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FIGURE 6. (A) Overlay of voltammetric responses of a colloidal film electrode modified with 1R for 2S and 2R. (B) Overlay of voltammetric responses of a colloidal film electrode modified with 1S for 2S and 2R. Adopted with permission from ref 35. Copyright 2006 American Chemical Society.

TABLE 1. Selectivities of the Chiral Colloidal Film Electrode for 24 ilim(S)/ilim(R) probe

1R colloidal film

1S colloidal film

2 3 4

2.16 ( 0.34 1.33 ( 0.20 2.01 ( 0.69

0.58 ( 0.01 0.82 ( 0.11 0.84 ( 0.04

next and thus cross the film. Enantiomers interact with the chiral selector moieties to a different extent, which leads to the permselectivity. We varied the length and structure of the linker attaching the chiral selector moiety 1 to the silica surface and explored the influence of the chiral selector structure (Chart 2) on the permselectivity while maintaining the length of the linker constant (Chart 2).39 The chiral selectivity of 4.5 found for the chiral selector 7 is one of the highest reported for chiral membranes.

Responsive Polymer-Filled Colloidal Films After demonstrating that permselectivity in silica colloidal films can be achieved by surface modification with small organic ionizable and supramolecular groups based on noncovalent interactions, our attention turned to sterically gating the molecular flux through the colloidal nanopores using responsive polymers.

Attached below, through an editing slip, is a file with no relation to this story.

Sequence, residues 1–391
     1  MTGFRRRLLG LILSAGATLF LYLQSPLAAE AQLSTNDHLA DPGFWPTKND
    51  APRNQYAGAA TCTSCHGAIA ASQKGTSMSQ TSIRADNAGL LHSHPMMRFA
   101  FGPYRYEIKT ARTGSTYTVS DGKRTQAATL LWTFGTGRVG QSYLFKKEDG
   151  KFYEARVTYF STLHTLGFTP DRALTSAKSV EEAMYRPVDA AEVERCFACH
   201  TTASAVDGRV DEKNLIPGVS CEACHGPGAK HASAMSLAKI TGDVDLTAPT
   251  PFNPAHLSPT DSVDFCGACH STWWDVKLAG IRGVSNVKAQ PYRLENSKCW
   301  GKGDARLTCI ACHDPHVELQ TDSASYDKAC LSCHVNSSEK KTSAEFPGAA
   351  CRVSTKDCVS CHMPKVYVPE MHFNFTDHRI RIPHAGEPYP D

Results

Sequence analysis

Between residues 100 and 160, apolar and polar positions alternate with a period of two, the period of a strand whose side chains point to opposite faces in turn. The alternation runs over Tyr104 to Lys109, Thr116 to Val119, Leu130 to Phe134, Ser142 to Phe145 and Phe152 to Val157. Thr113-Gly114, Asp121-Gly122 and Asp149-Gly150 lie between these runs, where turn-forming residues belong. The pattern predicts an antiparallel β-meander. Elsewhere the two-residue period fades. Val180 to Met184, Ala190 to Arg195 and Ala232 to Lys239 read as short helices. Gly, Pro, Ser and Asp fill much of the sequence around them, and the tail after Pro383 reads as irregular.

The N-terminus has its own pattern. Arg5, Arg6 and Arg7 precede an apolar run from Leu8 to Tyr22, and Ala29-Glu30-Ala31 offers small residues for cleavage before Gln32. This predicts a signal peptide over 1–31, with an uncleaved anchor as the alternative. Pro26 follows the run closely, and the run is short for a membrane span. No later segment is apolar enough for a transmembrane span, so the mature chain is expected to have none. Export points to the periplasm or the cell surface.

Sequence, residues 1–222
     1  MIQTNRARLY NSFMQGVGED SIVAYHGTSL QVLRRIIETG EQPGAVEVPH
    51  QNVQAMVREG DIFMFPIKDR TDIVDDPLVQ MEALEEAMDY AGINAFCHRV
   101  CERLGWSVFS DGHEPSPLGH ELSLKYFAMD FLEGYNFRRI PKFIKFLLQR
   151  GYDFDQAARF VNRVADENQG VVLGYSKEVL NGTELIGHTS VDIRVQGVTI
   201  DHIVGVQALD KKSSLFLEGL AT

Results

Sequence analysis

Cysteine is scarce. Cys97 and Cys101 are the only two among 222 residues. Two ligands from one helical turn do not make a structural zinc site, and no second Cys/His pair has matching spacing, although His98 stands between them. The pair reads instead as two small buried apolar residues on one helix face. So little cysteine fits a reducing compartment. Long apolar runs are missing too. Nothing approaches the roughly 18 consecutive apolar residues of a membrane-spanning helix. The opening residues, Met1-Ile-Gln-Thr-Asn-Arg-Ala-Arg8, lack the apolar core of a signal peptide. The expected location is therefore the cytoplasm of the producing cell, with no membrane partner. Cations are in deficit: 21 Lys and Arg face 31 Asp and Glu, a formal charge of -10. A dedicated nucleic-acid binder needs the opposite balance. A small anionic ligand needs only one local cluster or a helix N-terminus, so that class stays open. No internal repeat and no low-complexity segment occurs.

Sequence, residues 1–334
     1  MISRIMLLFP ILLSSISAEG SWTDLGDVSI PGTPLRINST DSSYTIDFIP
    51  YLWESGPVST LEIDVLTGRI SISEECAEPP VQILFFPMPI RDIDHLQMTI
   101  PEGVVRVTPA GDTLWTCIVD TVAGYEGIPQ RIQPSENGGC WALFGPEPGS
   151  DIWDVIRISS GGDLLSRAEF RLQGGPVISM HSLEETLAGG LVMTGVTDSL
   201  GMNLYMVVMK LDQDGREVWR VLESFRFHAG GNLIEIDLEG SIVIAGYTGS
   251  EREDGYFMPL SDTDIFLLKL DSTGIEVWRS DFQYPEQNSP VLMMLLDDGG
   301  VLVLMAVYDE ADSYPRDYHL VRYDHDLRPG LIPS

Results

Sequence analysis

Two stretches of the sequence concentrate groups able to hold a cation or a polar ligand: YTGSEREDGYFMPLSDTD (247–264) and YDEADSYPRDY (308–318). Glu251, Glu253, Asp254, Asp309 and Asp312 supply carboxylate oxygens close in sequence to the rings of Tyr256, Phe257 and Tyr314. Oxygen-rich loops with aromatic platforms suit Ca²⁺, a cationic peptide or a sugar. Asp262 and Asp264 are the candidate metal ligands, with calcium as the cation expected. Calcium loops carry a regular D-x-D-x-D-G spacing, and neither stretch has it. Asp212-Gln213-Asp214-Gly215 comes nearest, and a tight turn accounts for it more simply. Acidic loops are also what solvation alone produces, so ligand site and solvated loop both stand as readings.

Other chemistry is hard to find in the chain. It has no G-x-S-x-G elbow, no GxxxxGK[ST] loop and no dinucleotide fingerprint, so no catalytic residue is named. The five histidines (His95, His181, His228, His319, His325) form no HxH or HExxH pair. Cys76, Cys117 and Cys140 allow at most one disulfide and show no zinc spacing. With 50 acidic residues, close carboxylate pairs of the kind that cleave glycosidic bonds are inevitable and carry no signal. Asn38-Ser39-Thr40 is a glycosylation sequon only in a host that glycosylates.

Surface-Modified Silica Colloidal Crystals Zharov and Khabibullin

CHART 2

FIGURE 8. Schematic representation of the processes that occur upon heating and cooling of a (A) PNIPAM brush (15 min polymerization) and (B) PNIPAM gel (90 min polymerization) inside a colloidal nanopore. Reproduced with permission from ref 40. Copyright 2007 American Chemical Society.

FIGURE 7. Limiting current (Ru(NH3)63þ) as a function of increasing temperature for PNIPAMopal film Pt electrodes after polymerization for (A) 15 min and (B) 90 min. Reproduced with permission from ref 40. Copyright 2007 American Chemical Society.